What great lesson have you learnt so far in life?
Traditionally people say that you have to choose between making money or serving society and the planet. That may have been the case in our parent’s generation (who were very linear in their choices), but today there’s a great overlap – you can create a profitable business that serves people and the planet. That to me is fantastic.You can create a profitable business that serves people and the planet. That to me is fantastic.Click To Tweet
Businesses in the past have often been seen as ‘destroyers’, but today they can be ‘rejuvenators.’ Business can do good things and be profitable. We’re not a non-profit, we are a profitable business, that has grown 14 years in a row, including this year while doing the right thing.
We are demonstrating that you don’t have to choose money over purpose, they both work hand in hand. Hopefully, this will inspire people to come up with more business models like ours. It saddens me that we have no competition. The world of garbage is a very un-innovative world and it really ought not to be.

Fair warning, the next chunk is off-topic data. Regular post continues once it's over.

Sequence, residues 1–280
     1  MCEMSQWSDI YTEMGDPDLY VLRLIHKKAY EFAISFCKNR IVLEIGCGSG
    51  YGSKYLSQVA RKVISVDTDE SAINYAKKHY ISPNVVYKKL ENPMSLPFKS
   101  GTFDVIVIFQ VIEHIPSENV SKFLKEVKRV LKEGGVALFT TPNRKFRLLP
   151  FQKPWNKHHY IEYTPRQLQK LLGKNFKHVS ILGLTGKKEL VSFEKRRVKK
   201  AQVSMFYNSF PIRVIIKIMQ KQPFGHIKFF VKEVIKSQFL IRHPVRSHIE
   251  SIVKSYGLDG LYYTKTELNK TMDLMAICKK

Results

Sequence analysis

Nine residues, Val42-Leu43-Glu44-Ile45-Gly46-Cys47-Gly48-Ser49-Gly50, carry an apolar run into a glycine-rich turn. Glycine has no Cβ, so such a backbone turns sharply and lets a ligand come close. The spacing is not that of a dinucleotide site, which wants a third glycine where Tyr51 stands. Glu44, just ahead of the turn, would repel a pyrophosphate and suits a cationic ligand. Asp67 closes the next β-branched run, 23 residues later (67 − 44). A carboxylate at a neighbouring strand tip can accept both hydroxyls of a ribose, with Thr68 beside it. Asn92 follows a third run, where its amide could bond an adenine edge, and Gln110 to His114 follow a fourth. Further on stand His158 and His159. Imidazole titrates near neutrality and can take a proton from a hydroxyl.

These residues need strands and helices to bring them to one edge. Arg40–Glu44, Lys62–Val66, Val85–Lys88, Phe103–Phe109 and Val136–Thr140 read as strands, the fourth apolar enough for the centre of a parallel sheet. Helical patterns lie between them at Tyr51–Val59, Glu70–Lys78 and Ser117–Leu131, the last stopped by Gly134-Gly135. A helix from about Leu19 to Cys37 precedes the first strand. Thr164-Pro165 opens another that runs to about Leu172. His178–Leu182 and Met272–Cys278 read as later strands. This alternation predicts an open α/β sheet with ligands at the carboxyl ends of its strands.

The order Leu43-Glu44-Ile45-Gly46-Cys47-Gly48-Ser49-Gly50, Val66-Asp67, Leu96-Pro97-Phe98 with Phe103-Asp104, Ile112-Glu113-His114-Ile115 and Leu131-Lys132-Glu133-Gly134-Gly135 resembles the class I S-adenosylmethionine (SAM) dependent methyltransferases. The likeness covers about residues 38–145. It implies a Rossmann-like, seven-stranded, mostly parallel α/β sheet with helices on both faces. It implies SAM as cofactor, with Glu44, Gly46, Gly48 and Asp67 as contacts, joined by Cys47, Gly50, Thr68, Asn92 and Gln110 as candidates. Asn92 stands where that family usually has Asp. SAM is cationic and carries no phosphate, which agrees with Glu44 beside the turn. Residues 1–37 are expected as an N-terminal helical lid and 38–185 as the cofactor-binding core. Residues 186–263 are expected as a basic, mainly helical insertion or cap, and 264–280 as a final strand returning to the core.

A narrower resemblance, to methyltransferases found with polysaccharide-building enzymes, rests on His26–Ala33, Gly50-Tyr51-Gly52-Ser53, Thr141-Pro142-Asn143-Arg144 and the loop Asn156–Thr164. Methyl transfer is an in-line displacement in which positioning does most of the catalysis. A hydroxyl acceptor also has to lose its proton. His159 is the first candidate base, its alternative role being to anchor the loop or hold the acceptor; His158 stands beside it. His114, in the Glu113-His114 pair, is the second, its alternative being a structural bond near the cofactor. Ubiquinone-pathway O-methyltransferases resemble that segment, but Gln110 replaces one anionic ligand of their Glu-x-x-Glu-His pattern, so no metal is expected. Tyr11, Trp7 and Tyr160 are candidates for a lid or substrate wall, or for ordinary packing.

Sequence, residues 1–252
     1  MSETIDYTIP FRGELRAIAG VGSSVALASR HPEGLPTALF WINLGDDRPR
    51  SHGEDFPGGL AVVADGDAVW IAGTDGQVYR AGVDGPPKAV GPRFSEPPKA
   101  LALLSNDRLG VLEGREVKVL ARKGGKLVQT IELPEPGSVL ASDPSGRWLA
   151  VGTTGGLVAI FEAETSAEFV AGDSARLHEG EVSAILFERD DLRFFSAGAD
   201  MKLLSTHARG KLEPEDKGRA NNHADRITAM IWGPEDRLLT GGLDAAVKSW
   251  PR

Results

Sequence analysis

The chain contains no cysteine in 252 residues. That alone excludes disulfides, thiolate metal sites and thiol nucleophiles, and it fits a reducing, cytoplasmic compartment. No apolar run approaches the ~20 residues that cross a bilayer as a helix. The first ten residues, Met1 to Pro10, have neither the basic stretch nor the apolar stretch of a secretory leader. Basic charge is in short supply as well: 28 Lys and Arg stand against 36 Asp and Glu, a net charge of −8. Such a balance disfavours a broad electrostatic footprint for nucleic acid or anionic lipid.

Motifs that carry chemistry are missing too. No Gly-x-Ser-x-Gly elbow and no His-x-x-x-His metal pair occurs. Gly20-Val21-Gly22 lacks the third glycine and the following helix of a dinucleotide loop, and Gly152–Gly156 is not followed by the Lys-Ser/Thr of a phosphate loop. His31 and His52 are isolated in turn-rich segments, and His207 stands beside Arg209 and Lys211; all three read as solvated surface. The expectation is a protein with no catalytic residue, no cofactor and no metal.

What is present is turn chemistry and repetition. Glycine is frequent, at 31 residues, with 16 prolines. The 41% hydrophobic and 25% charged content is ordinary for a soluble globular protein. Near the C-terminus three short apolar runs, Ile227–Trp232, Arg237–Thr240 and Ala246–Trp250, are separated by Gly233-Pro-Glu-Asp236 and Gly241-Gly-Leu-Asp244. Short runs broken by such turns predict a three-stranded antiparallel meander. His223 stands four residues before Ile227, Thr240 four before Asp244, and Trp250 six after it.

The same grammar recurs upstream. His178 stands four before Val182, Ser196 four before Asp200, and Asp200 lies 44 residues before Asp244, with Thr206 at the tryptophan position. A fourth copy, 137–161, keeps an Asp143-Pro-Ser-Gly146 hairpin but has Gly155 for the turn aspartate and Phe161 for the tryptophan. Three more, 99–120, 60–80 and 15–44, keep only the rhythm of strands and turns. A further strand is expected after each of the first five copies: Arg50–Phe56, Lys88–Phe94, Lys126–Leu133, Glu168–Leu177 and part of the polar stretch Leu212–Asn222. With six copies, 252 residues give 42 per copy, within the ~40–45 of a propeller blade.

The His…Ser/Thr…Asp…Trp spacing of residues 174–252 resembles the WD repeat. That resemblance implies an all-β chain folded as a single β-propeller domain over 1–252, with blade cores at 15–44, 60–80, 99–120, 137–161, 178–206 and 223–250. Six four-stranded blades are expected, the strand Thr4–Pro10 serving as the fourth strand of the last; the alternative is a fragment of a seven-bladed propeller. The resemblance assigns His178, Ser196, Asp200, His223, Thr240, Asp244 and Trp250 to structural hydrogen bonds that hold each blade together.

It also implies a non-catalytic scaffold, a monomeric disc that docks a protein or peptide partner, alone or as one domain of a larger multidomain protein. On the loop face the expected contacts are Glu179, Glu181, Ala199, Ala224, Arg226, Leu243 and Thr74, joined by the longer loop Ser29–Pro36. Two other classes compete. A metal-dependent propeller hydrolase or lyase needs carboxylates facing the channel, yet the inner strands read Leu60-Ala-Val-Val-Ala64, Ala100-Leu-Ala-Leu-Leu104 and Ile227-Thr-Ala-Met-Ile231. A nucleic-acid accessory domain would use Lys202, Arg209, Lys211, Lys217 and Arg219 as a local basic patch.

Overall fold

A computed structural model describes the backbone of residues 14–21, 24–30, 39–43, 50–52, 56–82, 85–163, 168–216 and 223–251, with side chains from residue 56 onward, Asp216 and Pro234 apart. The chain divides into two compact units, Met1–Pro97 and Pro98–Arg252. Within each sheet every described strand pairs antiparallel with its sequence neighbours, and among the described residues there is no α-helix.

How can future entrepreneurs start thinking this way, what should they be thinking about?
Firstly they need to identify the issue they’re going to solve. For example domestic violence. I’d say unpack: why does that issue exist? what brought it about?
Going by the above, the issue for us is: why does garbage exist? Garbage exists because of three things – we consume too much, and too much of what nature doesn’t know what to do with and the output is so unvaluable it doesn’t make sense to collect it and process it because you’ll lose money. Once you’ve understood that, then you can start thinking of models to solve that issue, especially when you know the why.
If you don’t unpack the why then you’re acknowledging that it’s been here forever. Because almost every issue humanity deals with is humanly created. Whether it’s ocean garbage, clean air, domestic violence, discrimination, you pick the issue. It’s created by us. If it’s created by us it’s had a genesis, it wasn’t here in the beginning.